Friday, August 26, 2011

Up Jump The Boogie in HuffPo

"[T]he poetry scene in America is the largest, most diverse, and most vibrant it has ever been, and it's time for poetry-lovers associated with online media to strike a solid blow against the seedy, nigh-incoherent malcontentism of certain contemporary poetry critics. The robust state of poetry in America is evidenced, in part, by this non-exhaustive, unranked list of superlative books from the past 15 years, all of which are must-reads for those looking to push back against the gloom-and-doom of poetry's ambient naysayers:"

----Huffington Post, August 25, 2011

"Up Jump the Boogie (2010), John Murillo. Murillo's urban narratives are spellbinding and deceptively simple; the rhythm and pace of these poems captures the experiences of the author in a voice and with a grace every listener can appreciate and admire. These are not necessarily stories we haven't heard before, but that's part of their irresistible charm: one senses, with Up Jump the Boogie, that stories which have long needed telling, and continue to need telling, have in Murillo found the right person to do just that."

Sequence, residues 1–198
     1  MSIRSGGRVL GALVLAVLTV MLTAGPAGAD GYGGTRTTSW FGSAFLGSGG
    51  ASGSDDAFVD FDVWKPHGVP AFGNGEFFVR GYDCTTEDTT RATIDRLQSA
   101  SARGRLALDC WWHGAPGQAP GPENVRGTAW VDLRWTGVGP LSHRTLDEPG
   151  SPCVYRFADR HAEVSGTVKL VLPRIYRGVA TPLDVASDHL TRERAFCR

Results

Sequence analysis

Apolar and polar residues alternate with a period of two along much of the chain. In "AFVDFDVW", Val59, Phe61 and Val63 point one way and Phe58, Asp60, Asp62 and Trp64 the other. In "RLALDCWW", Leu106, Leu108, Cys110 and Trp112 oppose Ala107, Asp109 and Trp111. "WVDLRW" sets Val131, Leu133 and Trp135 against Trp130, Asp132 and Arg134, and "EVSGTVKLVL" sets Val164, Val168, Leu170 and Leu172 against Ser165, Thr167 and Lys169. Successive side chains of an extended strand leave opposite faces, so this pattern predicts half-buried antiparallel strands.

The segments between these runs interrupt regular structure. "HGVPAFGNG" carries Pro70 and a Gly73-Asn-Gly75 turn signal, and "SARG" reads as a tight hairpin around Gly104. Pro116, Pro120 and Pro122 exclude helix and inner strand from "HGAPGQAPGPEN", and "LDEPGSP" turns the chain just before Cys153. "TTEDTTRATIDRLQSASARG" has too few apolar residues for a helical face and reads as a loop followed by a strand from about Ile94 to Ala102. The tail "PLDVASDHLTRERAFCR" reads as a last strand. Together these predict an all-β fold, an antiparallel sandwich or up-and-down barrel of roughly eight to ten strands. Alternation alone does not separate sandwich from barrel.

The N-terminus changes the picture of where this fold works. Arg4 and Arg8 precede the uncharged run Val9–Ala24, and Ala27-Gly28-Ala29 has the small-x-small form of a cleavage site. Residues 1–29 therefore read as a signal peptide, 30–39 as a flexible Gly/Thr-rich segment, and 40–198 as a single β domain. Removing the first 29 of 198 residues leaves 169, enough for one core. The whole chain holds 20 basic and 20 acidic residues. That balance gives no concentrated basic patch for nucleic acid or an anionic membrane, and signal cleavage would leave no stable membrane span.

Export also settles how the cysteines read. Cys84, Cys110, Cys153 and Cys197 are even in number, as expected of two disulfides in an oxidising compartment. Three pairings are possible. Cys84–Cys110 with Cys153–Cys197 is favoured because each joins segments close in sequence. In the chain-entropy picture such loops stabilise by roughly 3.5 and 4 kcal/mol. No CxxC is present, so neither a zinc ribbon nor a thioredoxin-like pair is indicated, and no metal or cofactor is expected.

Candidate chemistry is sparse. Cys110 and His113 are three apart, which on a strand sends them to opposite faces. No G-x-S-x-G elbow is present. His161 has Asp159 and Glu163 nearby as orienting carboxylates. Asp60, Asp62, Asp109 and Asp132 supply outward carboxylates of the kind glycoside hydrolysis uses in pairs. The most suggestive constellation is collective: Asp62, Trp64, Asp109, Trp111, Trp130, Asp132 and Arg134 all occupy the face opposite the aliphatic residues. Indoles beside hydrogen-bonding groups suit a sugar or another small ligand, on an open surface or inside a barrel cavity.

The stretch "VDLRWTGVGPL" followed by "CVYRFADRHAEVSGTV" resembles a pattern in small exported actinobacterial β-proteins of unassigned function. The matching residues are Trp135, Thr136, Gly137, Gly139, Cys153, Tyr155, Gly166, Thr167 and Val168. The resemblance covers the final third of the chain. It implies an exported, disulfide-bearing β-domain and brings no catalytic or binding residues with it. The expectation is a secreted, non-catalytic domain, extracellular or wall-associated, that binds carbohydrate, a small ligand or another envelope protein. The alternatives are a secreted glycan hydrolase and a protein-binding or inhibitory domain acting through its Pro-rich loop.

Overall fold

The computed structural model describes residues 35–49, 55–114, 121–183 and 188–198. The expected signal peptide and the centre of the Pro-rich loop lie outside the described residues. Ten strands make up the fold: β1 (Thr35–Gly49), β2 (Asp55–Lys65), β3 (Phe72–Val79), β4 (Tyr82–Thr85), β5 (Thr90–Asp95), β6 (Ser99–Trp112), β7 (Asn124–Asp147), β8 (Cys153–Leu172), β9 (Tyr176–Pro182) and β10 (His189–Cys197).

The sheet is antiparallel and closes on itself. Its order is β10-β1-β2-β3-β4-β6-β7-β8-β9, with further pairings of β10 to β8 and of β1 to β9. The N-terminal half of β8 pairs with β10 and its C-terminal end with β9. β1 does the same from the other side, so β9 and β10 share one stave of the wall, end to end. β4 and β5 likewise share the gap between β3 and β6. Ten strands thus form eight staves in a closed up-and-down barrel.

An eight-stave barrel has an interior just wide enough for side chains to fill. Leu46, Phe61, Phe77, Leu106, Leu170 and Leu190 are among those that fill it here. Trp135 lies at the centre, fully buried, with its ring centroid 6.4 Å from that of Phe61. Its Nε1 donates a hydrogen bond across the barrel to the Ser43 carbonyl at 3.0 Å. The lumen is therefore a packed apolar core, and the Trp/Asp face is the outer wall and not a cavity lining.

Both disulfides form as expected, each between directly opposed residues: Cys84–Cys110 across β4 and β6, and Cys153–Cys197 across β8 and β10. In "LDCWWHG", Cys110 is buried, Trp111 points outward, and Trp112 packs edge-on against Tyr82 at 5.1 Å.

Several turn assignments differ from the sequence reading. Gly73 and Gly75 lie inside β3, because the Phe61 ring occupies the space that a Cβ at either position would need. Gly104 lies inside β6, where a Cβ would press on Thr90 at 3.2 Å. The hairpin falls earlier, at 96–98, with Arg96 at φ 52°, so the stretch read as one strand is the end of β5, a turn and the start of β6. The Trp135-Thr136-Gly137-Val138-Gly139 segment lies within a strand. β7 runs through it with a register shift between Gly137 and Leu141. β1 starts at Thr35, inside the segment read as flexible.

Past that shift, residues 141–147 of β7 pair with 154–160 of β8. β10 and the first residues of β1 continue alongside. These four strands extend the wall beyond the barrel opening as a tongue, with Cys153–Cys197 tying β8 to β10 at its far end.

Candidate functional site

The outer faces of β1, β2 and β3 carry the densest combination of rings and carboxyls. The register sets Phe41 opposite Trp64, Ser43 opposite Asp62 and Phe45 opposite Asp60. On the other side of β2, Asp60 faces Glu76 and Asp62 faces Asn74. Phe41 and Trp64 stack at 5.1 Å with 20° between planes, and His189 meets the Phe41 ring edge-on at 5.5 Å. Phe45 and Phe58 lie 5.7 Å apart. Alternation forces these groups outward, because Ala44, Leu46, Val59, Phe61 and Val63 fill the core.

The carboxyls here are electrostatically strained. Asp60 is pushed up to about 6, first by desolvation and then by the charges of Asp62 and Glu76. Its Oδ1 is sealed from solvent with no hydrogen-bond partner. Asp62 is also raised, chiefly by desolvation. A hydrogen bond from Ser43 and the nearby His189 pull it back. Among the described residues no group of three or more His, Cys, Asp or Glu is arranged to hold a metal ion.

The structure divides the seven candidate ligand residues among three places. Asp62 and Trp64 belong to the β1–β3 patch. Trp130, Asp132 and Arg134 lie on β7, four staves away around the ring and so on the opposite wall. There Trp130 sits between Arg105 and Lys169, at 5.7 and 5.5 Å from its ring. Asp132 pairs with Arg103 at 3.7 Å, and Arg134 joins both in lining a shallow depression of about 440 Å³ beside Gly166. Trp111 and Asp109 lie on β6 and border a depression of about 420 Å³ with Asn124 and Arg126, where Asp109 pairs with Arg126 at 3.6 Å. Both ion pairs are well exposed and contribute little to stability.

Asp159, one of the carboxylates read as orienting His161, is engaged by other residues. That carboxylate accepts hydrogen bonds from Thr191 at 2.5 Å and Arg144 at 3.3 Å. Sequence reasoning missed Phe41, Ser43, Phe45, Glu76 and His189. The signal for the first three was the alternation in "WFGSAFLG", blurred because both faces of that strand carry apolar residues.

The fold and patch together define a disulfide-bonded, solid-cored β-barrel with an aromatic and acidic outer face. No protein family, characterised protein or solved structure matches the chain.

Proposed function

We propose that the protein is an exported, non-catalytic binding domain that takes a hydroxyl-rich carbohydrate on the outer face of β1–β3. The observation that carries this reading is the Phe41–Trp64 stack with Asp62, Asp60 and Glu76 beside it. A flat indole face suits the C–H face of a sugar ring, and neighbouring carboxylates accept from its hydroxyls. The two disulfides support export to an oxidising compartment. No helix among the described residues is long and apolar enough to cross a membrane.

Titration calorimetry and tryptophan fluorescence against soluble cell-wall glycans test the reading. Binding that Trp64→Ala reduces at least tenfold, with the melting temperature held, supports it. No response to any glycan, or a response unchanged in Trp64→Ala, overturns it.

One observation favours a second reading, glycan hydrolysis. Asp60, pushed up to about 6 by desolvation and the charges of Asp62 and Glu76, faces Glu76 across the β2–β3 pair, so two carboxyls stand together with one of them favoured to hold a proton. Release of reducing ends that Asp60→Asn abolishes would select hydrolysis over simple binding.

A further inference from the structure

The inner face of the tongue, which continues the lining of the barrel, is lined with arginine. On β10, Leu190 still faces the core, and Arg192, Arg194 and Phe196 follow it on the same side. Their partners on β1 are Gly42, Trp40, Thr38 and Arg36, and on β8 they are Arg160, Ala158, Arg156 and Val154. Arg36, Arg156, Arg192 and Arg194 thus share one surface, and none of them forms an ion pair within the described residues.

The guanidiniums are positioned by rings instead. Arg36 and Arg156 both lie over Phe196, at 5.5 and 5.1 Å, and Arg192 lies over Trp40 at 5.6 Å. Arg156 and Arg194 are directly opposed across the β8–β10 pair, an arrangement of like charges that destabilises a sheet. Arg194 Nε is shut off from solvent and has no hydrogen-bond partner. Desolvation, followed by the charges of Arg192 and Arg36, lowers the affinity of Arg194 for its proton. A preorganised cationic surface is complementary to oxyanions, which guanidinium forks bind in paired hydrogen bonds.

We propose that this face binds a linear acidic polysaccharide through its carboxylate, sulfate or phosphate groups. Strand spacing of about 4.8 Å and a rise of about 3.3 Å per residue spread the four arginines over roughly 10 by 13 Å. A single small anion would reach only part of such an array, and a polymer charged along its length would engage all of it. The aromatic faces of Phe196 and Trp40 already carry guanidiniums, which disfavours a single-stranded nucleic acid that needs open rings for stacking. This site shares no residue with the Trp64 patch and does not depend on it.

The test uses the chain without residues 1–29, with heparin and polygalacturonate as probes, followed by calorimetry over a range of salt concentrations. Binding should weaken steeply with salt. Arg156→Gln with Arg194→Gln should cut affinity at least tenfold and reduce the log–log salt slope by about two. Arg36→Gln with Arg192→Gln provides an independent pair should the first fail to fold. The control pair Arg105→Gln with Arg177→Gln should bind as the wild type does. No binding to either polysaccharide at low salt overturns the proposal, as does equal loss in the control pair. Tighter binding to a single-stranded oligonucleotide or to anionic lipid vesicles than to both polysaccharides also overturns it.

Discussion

On a personal note, this: One of the highlights of my reading at ACENTOS: Bronx Poetry Showcase in March of 2007 was meeting John Murillo (and his mother, who was also in attendence!). I hadn't read any of his work yet, but I had read the great interview with Martín Espada that he conducted, and which was published in the Bloomsbury Review right around that time. When I was given the opportunity to guest edit an issue of Didi Menéndez's OCHO # 15, I remember I opted to gather a sampling of Latino/a poets who had not yet published a full-length book, and who hadn't been in The Wind Shifts, nor Momotombo Press, nor the Canto Cosas series at Bilingual Press. John graciously sent some work, and I've been a fan ever since. One of the other things I love about his book was John's decision to publish it with Cypher Books, a publishing venture that embodies what I love about small press publishing. And the book has done wonderfully on various fronts.

No comments: